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August so far has brought mixed weather, days have been mostly warm, but many have been cloudy or overcast and occasionally there’s been some sunshine.

Looking across to Conwy Estuary

Looking across to Conwy Estuary from Bryn Euryn

It’s only been a week or two since my last visit to Bryn Euryn, but now rapidly approaching late summer, much has already changed. Many plants are setting seed, there are ripe wild raspberries, a few ripe blackberries and sloes, still as hard as bullets.

Purple sloes are swelling on Blackthorn

Purple sloes are swelling on Blackthorn

Last year there were sparse crops of acorns and sloes, this year may be more bountiful.

3/8/15-Wood avens seedhead

3/8/15-Wood avens seedhead

Large fruit capsules of the Stinking Iris

Large fruit capsules of the Stinking Iris

On a last hogweed flowerhead, a new-to-me, furry little hoverfly; it  is one of a number of species referred to as a bee mimic, but it  doesn’t really look like one.

Hoverfly-cheilosa illustrata- a bee mimic

Hoverfly-cheilosa illustrata- a bee mimic

Another hoverfly caught my eye, it was basking on a bramble leaf and as the sun caught it, the insect shone a bright metallic golden bronze colour.

Hoverfly-ferdinandea cuprea

Hoverfly-ferdinandea cuprea

About to enter the meadow, I caught sight of a Speckled wood butterfly basking on an Oak leaf. I moved in to take a photograph as I haven’t had many good opportunities with this species so far this year, then caught sight of another butterfly sitting on a leaf slightly higher up.

7/8/15 - Purple Hairstreak

7/8/15 – Purple Hairstreak

I moved in a little closer and realised this was a butterfly I had never seen before other than in pictures, a Purple Hairstreak. A species that spends most of its time in and around the tops of Oak trees, I was surprised and delighted to see it and tried not  to alarm it as I focussed the camera. It moved a little to reveal two small orange eyespots on its hindwing, but just as I had it back in focus the Speckled wood flew up and chased it away. I waited a while to see if it would return, but no luck. At least I know to look out for them here again!

The colours of the landscape are changing subtly. Hay has been cut and in many places baled and put safely under cover. Meadows of seeding long grass left standing have taken on a golden hue and on our limestone hill, the wildflowers typical of late summer are at the peak of their flowering. Most are ‘tough’ plants, Knapweed, Hemp agrimony & Ragwort, which are all imortant nectar sources for insects.

Late summer long grass and wildflowers

Late summer long grass and wildflowers, mostly hedge parsley and harebells

7/8/15-Knapweed with a view

It’s been a while since I had a good opportunity to photograph a Green-veined White, so I was pleased to see this fresh one on a Knapweed flowerhead.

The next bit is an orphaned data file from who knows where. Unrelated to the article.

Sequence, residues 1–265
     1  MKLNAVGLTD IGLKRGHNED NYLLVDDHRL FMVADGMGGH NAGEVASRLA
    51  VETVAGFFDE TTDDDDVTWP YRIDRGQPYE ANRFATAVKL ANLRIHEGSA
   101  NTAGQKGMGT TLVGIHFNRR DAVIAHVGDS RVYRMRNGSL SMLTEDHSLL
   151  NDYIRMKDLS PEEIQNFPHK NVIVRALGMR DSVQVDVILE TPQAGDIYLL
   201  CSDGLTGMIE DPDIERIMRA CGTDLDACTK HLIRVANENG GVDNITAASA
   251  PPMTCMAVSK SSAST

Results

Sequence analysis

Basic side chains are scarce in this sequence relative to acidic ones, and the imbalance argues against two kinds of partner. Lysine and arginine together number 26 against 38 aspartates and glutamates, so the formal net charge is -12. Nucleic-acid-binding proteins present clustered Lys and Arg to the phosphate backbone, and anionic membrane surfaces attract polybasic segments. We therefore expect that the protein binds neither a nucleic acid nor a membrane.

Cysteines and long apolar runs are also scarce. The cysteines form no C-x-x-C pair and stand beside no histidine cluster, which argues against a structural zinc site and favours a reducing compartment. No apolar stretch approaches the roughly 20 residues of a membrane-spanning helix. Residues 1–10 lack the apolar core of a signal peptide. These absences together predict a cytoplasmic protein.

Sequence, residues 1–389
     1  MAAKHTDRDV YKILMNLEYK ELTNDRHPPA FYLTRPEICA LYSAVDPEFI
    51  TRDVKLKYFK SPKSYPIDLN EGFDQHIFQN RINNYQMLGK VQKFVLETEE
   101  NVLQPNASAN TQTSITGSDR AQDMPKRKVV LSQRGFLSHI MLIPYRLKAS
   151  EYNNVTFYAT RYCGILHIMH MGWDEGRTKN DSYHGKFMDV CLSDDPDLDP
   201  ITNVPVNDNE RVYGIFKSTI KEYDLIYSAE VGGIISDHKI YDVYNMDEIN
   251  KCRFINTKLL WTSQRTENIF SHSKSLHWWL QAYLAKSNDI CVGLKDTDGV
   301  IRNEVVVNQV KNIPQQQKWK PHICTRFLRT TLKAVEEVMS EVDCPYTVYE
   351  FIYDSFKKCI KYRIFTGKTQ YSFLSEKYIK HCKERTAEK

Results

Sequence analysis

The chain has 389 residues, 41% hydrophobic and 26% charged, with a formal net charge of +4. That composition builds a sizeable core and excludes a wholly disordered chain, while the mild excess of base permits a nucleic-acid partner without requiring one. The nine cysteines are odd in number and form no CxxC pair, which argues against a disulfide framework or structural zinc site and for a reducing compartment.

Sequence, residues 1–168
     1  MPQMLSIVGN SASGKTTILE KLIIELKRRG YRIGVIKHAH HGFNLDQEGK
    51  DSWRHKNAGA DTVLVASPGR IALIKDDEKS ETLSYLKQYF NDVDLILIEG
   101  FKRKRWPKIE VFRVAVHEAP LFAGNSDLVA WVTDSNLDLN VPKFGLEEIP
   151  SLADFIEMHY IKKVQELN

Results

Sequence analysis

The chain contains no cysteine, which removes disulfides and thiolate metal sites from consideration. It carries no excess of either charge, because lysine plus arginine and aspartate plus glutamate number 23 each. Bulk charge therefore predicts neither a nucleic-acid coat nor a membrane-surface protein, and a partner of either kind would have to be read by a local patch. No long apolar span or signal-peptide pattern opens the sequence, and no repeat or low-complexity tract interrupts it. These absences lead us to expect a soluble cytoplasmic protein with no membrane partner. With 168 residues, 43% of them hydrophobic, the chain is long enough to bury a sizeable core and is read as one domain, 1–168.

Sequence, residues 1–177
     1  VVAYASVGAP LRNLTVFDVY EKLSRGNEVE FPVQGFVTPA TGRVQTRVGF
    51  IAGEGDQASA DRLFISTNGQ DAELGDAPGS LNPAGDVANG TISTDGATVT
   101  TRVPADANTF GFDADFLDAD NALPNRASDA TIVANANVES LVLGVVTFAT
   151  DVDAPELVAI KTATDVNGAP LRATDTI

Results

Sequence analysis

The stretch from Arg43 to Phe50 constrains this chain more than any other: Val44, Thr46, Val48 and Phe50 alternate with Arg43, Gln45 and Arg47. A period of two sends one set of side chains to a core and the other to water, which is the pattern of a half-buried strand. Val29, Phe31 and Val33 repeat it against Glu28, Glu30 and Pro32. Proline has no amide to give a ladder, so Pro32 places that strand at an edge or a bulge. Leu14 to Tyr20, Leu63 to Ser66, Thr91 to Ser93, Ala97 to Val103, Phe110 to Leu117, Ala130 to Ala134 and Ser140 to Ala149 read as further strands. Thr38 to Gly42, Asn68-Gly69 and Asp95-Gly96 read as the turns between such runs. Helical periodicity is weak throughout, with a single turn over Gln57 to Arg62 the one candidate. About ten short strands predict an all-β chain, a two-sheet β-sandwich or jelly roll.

3/8/15-Bryn Euryn

3/8/15-Bryn Euryn

Knapweed and Hemp Agrmony

Knapweed and Hemp Agrmony

Burnet moth on knapweed

Burnet moth on knapweed- wings faded and almost transparent

Also clinging to a knapweed plant was a pair of mating Gatekeepers; a perfect opportunity to see the difference between the male and female of the species, as helpfully, the female opened her wings to show the plainer upperside to her wings.

Mating Gatekeeper butterflies - female above male

Mating Gatekeeper butterflies – female above male

A good opportnity to show the upperside of the female

A good opportunity to show the upperside of the female

As anticipated by the abundance of flowers back in the spring, Ash trees are bearing thick bunches of ‘keys’.

Ash trees have heavy bunches of 'keys'

Ash trees have heavy bunches of ‘keys’

Acorns forming on Pedunculate Oak

Acorns forming on Pedunculate Oak

Haws are ripening and leaves beginning to take on colour

Haws are ripening and leaves beginning to take on colour

Walking close to gorse bushes the air is filled with the gentle sound of pods crackling as they open to release seeds.

Gorse pods crackle as they open to release seeds

Gorse pods crackle as they open to release seeds

Higher up on the steep slope near to the summit there is a stand of Ragwort growing with thistles.

Ragwort and thistles

Ragwort and thistles

And further round more Ragwort, this time interspersed with tall spikes of velvety Mullein.

Ragwort and Mullein

Ragwort and Mullein

The seedpods of Bird's-foot Trefoil are from where it takes it name

The seedpods of Bird’s-foot Trefoil are from where it takes it name

And a final shot of a Speckled Wood next to hypericum berries sums up the season, I think.

Speckled Wood & hypericum berries

Speckled Wood & hypericum berries